Why You Need To Know The Latin Name Of Your Essential Oil
Every day we buy common products like lotion, shampoo, detergent and toothpaste at the store or online. We don’t think much about them because we simply look at the label, see the name of the product and trust that it will work as implied.
But here’s the thing…
Essential oils are different.
Even though we can buy essential oils in the same place as our shampoo and detergent, we actually need to pay more attention to what specific essential oil we’re buying. What I mean by that is, we need to look at not only the “common name” of the essential oil, like lavender or tea tree, but also look a step further at the botanical name, or latin name, of the essential oil.
Most, if not all, high quality essential oils include the common name and latin name of the essential oil on their label. In fact, it’s this basic information that’s your first clue you’re buying a good quality brand of essential oil. (It’s not the only clue though and if you want to know more, read my blog post “How To Buy High Quality Essential Oils” for more details.)
What is a latin name and why does it matter?
The latin name is the universal way of classifying plants. It’s a common language in the plant world, and consequently in the essential oil world too. It means that no matter what country you’re buying your essential oil from, you always know it’s coming from the same specific type of plant.
It’s the genus and species (and in some cases the chemotype) that make up the latin name. Think of the genus as the parent and the species the brothers and sisters. You can have one genus and many species.
Take for example lavender: according to the U.S. Lavender Growers Association, there are currently over 45 different species of lavender with over 450 varieties. That’s a lot of different kinds of lavender that can produce a lot of different essential oils.
And here’s what’s important…
Each plant species differs significantly in its chemistry, which means it provides a different therapeutic effect and aroma. So the common name “lavender” could mean a lot of different things. It’s not until you know the latin name (genus and species) that you’ll understand how the essential oil is going to support you.
A Tale of Two Plants
Take the example of two common lavender essential oils on the market:
Lavendula angustifolia and Lavendula latifolia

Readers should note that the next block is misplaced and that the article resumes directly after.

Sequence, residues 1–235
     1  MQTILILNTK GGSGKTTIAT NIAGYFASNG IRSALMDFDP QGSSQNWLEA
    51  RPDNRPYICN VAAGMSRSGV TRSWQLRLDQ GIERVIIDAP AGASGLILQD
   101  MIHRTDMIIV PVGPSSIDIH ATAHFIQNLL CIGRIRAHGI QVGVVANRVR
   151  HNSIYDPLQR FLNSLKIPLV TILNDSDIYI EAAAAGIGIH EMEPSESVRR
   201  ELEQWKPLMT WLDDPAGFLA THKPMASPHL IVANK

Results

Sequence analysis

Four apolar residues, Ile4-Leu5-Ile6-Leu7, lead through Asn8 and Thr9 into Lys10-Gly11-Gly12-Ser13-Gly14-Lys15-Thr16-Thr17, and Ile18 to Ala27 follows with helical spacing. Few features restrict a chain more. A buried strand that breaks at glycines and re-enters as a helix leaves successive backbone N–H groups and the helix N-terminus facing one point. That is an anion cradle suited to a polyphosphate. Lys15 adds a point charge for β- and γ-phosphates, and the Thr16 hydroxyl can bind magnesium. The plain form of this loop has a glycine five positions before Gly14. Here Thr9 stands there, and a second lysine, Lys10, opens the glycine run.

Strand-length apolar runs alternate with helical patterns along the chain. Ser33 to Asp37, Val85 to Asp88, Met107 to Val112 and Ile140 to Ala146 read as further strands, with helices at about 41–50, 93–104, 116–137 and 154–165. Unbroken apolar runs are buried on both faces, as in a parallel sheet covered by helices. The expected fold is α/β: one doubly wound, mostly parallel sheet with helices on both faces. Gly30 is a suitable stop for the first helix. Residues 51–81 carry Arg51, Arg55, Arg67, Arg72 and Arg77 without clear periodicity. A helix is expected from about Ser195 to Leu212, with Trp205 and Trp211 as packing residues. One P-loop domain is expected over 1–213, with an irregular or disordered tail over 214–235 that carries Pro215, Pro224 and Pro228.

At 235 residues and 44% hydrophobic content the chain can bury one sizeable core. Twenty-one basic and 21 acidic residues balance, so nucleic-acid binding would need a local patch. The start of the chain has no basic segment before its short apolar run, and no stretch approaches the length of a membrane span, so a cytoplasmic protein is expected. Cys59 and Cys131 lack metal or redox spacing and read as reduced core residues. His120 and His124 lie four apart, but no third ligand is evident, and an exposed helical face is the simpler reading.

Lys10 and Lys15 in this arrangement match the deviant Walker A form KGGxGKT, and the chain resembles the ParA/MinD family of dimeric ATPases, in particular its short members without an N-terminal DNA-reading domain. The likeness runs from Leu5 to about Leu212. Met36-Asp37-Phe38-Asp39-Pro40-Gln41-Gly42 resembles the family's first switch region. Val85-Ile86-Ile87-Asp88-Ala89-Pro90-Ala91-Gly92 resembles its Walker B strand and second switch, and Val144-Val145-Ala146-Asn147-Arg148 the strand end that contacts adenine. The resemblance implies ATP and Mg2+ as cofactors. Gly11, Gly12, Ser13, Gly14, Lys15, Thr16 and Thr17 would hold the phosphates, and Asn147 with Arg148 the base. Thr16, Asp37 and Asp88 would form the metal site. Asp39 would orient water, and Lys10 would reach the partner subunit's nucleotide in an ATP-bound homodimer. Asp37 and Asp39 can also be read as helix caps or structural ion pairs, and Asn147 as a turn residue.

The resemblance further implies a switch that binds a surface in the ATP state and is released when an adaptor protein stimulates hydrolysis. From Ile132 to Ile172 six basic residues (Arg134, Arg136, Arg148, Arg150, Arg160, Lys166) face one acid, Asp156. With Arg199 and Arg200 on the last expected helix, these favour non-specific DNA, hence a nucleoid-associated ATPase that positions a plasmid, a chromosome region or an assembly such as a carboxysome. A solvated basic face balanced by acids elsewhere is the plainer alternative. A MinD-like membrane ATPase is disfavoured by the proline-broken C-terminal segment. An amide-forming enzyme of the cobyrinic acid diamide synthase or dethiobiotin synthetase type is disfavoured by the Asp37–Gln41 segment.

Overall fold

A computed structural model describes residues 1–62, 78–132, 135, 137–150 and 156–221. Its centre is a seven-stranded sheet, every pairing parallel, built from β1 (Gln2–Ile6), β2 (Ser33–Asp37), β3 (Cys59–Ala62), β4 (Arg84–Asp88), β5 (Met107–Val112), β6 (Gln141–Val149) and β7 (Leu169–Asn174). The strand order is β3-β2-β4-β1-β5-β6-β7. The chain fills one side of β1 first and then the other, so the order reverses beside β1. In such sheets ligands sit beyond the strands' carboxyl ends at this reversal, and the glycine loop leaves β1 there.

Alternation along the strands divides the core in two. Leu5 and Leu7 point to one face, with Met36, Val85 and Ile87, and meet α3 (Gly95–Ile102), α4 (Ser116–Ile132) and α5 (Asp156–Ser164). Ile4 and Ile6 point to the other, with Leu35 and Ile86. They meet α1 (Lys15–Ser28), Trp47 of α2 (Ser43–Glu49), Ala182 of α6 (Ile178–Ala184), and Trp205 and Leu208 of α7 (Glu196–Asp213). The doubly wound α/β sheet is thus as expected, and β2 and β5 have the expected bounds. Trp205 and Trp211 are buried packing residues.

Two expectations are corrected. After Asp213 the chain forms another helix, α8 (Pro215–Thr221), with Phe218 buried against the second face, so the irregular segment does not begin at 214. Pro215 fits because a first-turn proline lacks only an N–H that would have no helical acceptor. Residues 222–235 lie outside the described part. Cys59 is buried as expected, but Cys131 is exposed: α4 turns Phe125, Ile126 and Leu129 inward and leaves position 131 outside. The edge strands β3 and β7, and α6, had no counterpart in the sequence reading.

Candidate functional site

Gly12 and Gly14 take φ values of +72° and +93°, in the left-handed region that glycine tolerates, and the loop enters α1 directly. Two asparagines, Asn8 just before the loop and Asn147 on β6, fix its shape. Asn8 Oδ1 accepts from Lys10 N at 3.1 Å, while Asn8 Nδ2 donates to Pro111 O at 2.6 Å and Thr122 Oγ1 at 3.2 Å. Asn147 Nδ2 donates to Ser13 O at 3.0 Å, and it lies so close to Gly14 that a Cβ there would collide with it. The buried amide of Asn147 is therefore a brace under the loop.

Both of these essential oils have the same common name “Lavender”, but these essential oils have completely different effects.
Let me explain…
Lavendula angustifolia - the calming oil
Lavendula angustifolia is what’s commonly known as “true lavender”. Most lavender grown for essential oil production comes from this plant. The most prominent chemical components of this essential oil are linalyl acetate and linalool. And it’s these components that help produce an aroma that smells sweet, floral and herbaceous with a balsamic-woody undertone.
Therapeutically the oil, because of its chemical composition, is calming, pain relieving, anti-inflammatory and skin healing. This ‘true lavender’ essential oil is what we commonly refer to as the lavender that will help us sleep, that will calm our anxiety and that we associate with rest and relaxation.
Lavendula latifolia - the invigorating oil
Lavendula latifolia is commonly known as “spike lavender”. This essential oil has a completely different chemical composition. The most prominent chemical components are linalool, 1,8-cineole and camphor. It’s these components that help produce a very distinctive aroma, having a shared “lavender” smell through the linalool, but then a much more penetrating “camphoraceous” smell reminiscent of eucalyptus because of the shared chemical component 1,8-cineole.
Therapeutically the oil, because of its chemical composition, is energizing and opening. It provides support for pain relief and decongestion as well as mental clarity. This lavender essential oil has the complete opposite effect of the “true lavender” essential oil.
This is just one simple example of how important it is to know what essential oil you’re working with so that you can get the right therapeutic support and benefit from the oil. Get to know your plants and their genus and species. Smell their different characteristics and take note of how they make you feel. You’ll be happy you did. After all, you don’t want to stay awake all night having used the wrong lavender, do you?